Vancity challenges B.C. businesses to pay living wage

B.C.’s minimum wage is half what a living wage is calculated to be for Metro Vancouver, and Vancity credit union – Canada’s largest living-wage employer – is challenging other B.C. banks and business to follow its lead.

B.C.’s minimum wage is half what a living wage is calculated to be for Metro Vancouver, and Vancity credit union – Canada’s largest living-wage employer – is challenging other B.C. banks and business to follow its lead.

Vancity was recently recertified as a Canada’s largest living-wage employer, and is now pushing other businesses to follow suit.

The Canadian Centre for Policy Alternatives calculates a living wage for Metro Vancouver to be $19.62 per hour, which is how much Vancity pays its employees. B.C.’s minimum wage is $10.25 per hour.

According to living-wage proponents, low wages have a negative impact on the economy because it limits the buying power of so many citizens.

Ellen Pekeles, senior vice-president of operations for Vancity, has issued a challenge to B.C. businesses to start paying living wages to their employees.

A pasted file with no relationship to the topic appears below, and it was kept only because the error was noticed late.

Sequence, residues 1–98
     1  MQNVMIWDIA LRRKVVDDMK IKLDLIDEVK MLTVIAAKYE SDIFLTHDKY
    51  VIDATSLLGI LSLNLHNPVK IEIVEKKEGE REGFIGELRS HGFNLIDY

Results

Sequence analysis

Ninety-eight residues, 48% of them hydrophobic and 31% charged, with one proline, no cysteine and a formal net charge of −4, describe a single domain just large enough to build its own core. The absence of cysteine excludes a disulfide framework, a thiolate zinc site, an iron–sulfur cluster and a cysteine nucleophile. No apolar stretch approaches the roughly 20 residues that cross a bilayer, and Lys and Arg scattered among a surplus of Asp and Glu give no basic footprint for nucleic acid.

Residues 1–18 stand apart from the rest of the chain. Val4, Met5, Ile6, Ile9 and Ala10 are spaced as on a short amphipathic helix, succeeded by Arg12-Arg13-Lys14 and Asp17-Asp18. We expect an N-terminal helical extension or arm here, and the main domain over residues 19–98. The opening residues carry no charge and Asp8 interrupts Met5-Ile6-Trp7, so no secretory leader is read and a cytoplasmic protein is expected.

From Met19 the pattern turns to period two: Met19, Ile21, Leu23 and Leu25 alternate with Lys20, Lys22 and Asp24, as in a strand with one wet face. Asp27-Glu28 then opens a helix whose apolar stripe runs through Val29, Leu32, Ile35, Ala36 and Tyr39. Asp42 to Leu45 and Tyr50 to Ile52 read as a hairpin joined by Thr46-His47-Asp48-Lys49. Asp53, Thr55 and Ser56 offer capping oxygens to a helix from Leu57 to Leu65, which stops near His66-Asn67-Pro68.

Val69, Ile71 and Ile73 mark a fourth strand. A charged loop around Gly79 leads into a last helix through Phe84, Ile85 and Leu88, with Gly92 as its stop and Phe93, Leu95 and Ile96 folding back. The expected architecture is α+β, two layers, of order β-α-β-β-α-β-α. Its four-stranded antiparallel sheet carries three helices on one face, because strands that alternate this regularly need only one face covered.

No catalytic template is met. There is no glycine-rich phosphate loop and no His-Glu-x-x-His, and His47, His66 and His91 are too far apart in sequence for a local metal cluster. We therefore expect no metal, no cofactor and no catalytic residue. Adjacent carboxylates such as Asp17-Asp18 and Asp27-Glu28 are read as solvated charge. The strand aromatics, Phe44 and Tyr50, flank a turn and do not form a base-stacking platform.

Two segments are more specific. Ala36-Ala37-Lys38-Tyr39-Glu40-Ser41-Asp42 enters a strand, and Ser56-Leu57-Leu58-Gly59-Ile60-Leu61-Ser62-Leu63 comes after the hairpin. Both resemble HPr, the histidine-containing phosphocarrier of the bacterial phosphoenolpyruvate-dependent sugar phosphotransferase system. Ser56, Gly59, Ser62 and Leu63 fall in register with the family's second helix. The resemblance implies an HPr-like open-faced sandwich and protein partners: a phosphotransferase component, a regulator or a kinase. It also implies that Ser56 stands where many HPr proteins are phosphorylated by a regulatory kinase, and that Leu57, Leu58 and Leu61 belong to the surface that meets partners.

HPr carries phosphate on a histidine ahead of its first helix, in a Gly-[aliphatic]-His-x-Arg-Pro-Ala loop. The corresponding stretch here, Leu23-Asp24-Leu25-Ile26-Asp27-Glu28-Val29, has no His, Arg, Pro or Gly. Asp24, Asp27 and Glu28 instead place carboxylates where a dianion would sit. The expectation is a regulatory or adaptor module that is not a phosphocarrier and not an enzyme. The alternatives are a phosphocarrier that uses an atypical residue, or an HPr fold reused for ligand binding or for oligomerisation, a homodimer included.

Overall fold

“If both parents in a family are working full-time, their children should not be living in poverty,” Pekeles said.

“Just as we consider our environmental footprint, it’s our hope that more B.C. employers will consider their social and economic impact and pay their employees a living wage.”

In addition to paying its own employees a living wage, Vancity also pays a living wage to the employees of major suppliers through its contracts with those companies. That includes janitors, caterers and security guards.

Employers who want to learn more about becoming a living-wage employer can visit http://www.lwemployers.ca.

nbennett@biv.com

@nbennett_biv